As White and Frady (1995) say in the Preface of their recent international directory on experts in toxic and harmful algae, ‘Toxic and harmful algal blooms present a growing global problem for fisheries, aquaculture, and public health.’ With entries from 58 countries, they list 22 countries with names and addresses of people working with harmful diatoms and/or their toxins: Australia (3), Canada (29), Chile (1), Croatia (1), Denmark (4), Germany (3), India (3), Israel (1), Japan (6), Netherlands (3), New Zealand (3), Norway (4), People's Republic of China (17), Republic of Korea (2), Romania (1), Russian Federation (1), Spain (6), Thailand (1), Turkey (1), United Kingdom (2), United States of America (29), and Vietnam (1), for a total of 122 workers around the world. One such list of international specialists was compiled by Woods Hole Oceanographic Institution Sea Grant Program in 1990 (subsequently updated), so that the consequences of outbreaks of toxic and harmful algal bloom events on fisheries and public health could be reduced. The purpose of this summary chapter is to serve as a resource for those faced with the challenges brought about by the changing dominant coastal diatom flora. In the study of toxic and harmful diatoms, there are applications for fisheries, public health institutions, mariculture, and tourism.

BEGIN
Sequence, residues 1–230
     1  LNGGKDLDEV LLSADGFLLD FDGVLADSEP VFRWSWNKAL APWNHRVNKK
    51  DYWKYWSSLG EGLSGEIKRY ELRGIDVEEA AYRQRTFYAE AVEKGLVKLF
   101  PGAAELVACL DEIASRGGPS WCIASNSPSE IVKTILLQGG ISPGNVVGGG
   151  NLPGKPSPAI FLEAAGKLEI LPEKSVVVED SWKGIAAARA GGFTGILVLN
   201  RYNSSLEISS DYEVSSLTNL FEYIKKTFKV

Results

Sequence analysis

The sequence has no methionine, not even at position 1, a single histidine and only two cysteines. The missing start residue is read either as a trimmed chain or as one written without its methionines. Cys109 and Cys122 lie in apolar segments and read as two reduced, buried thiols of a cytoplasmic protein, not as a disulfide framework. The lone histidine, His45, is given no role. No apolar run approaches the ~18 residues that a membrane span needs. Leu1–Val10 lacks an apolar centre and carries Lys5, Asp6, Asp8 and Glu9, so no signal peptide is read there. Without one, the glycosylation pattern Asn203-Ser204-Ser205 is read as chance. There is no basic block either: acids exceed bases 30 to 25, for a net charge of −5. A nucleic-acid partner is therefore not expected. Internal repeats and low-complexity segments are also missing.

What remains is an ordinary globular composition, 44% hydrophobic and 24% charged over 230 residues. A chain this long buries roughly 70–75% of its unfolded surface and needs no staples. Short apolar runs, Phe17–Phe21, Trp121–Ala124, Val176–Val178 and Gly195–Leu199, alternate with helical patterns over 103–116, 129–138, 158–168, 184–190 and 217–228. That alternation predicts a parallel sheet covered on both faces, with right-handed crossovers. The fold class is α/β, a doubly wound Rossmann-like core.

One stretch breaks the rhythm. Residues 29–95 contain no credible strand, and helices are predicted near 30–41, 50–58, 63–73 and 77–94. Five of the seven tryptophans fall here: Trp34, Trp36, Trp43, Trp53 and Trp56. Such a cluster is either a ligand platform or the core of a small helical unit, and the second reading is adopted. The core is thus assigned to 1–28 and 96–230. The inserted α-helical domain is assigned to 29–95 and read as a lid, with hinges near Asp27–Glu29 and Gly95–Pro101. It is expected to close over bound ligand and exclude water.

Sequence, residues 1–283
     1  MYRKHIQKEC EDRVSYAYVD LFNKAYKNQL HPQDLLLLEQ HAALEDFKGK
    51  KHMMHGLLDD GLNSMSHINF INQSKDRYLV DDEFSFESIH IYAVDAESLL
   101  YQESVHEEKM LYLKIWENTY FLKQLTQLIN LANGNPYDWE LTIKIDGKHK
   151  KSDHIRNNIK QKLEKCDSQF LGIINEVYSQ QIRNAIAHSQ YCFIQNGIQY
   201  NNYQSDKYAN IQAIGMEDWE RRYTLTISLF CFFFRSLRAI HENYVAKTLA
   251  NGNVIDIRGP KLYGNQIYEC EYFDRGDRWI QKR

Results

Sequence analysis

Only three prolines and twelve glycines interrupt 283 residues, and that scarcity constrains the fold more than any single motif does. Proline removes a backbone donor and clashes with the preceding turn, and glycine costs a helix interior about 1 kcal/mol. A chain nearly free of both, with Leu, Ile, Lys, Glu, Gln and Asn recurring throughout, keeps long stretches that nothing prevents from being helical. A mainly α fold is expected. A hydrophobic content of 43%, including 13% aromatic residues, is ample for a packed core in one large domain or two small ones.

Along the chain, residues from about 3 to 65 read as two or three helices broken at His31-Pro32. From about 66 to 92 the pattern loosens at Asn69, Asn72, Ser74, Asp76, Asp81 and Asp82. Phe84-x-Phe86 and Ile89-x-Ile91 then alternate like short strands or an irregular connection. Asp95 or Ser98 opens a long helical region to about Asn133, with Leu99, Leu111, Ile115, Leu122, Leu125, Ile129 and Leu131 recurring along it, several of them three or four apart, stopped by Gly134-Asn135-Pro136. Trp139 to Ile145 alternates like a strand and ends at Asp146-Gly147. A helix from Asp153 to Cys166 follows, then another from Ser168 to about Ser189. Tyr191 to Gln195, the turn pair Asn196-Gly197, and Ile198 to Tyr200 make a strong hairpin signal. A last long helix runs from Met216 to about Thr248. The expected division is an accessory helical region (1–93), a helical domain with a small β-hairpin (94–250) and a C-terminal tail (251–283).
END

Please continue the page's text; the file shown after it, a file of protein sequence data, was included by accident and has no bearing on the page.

‘A first step in applied ecology is to accurately define the present state of the environment’, according to Rowe (1996, p. 7), and progress in this endeavor has been made.